Your attitude (that you are only interested in supporting a charity when you can work what it will do for YOU) is partly forgivable because the RSA has become utterly confused about its positioning.

    Rather than being upfront (that Fellows exist to support the charity in the delivery of its charitable objects), it has gone down some wishy-washy Nu-Labourish route that Fellowship is an end in itself — is, indeed, the whole point of the RSA. In their eyes, Fellowship seems to equal some sort of nebulous networking without any particular purpose in mind other than something about “removing barriers to social progress”, whatever that means.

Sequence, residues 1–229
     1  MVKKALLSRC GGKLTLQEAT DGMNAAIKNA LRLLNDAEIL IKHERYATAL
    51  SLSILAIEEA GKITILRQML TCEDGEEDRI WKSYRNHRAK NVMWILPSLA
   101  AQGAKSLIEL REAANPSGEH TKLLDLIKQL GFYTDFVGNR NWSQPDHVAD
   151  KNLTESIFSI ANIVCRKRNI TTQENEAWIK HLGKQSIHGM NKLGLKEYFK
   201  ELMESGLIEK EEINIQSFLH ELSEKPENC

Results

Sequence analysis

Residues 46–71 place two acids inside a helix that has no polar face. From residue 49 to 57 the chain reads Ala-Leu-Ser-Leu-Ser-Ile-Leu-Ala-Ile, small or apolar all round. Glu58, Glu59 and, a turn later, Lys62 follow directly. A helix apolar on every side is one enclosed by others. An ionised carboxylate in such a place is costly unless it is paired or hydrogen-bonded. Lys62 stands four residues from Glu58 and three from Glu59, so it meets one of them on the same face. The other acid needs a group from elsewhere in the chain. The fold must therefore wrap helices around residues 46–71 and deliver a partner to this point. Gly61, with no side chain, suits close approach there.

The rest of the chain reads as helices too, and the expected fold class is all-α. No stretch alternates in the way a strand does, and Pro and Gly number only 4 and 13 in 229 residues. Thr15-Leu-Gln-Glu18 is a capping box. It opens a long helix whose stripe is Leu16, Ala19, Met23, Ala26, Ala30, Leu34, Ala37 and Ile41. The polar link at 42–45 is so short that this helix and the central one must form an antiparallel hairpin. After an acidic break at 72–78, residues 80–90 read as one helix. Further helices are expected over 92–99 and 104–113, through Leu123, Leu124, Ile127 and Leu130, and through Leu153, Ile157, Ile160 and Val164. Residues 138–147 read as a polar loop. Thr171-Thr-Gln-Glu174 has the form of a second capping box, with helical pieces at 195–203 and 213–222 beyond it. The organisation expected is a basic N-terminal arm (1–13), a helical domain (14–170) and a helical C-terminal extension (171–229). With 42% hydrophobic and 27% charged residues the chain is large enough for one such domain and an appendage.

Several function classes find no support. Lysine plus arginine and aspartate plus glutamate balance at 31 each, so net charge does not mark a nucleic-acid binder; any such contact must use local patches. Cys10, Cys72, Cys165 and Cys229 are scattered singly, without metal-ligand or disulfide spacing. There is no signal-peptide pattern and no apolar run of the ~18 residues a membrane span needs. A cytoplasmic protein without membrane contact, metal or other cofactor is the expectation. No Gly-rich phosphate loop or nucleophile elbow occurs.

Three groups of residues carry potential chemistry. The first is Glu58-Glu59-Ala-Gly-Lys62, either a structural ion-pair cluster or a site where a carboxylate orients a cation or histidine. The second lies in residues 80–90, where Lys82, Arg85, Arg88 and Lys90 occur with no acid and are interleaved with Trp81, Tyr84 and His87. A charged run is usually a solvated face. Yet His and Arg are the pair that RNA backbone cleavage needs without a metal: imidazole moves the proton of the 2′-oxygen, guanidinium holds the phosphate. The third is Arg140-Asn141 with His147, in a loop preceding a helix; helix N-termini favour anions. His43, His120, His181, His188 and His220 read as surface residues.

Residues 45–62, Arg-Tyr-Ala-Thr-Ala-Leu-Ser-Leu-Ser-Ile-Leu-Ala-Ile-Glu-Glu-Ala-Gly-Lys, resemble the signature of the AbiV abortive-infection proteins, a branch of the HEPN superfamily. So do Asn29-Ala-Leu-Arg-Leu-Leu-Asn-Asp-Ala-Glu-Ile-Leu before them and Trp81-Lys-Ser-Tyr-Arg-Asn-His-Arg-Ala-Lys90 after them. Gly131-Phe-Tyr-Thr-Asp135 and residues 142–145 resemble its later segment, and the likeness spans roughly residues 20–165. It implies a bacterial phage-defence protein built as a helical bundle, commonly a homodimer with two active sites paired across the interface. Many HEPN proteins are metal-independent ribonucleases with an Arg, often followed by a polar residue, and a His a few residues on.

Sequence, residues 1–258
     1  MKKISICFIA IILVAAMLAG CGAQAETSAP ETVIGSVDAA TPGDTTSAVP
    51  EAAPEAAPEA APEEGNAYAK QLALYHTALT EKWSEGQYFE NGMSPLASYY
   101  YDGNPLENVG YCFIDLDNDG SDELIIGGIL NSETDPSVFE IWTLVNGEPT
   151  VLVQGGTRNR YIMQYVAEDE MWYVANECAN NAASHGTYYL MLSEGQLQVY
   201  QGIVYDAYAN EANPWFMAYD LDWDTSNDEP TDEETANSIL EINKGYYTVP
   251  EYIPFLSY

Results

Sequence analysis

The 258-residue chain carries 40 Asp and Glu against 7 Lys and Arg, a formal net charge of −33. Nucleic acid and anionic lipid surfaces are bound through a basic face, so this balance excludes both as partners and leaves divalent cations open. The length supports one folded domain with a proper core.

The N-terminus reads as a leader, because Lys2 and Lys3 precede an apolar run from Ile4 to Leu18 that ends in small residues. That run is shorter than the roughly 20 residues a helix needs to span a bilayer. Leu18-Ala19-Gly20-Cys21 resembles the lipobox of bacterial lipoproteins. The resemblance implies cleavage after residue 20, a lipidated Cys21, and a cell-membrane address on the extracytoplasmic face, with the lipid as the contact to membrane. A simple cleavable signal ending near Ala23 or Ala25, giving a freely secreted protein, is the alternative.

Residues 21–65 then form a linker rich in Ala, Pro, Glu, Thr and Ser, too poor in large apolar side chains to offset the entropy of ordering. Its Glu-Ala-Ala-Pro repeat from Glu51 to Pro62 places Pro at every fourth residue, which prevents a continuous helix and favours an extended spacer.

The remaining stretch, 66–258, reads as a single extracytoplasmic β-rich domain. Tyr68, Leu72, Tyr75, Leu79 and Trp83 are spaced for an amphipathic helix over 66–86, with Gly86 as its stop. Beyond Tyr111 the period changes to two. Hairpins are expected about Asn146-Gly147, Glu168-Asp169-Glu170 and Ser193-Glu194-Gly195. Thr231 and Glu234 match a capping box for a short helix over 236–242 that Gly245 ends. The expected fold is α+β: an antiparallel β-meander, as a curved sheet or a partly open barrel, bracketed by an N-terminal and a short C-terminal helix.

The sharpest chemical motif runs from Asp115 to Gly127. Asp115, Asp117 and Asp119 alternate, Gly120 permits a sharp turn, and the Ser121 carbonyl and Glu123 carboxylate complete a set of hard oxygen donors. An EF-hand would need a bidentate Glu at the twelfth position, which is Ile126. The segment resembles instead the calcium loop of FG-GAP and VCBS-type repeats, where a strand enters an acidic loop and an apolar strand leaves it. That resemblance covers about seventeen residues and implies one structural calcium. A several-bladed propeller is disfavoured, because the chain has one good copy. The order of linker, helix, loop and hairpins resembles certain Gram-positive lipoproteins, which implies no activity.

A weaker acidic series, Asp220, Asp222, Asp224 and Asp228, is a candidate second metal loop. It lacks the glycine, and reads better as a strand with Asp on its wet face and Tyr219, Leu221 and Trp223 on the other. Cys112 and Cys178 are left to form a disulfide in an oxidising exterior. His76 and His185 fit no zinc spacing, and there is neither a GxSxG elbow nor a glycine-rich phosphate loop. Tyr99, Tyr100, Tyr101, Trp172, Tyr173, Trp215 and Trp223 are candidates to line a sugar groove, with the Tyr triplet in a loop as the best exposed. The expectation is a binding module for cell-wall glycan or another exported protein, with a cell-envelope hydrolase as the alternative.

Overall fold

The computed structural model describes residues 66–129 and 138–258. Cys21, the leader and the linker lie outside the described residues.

But the idea that the RSA exists to support the Fellowship was utter nonsense in 1754 and it remains utter nonsense today. Why should taxpayers be expected to subsidise a group of relatively wealthy Fellows to enable them to pursue their own hobby-horses and to receive personal benefits? It’s a breathtakingly selfish attitude, and one which I had hoped was being smashed in the aftermath of the current global economic crisis.

    If you don’t support the RSA’s charitable objectives then fine: don’t contribute (either by becoming a Fellow or giving them a donation). But don’t complain that the RSA hasn’t sold you properly on the benefits that you could/should be receiving. Instead, have a think about what greater good YOU can do, either through them or in other parts of your life.

  • Thanks, David, for including me in the conversation!

    I really do intend for this to be a discussion and hope that I can learn more (and others can, too!) about the work, the goals, and the new-forming work of the RSA and it’s Fellows.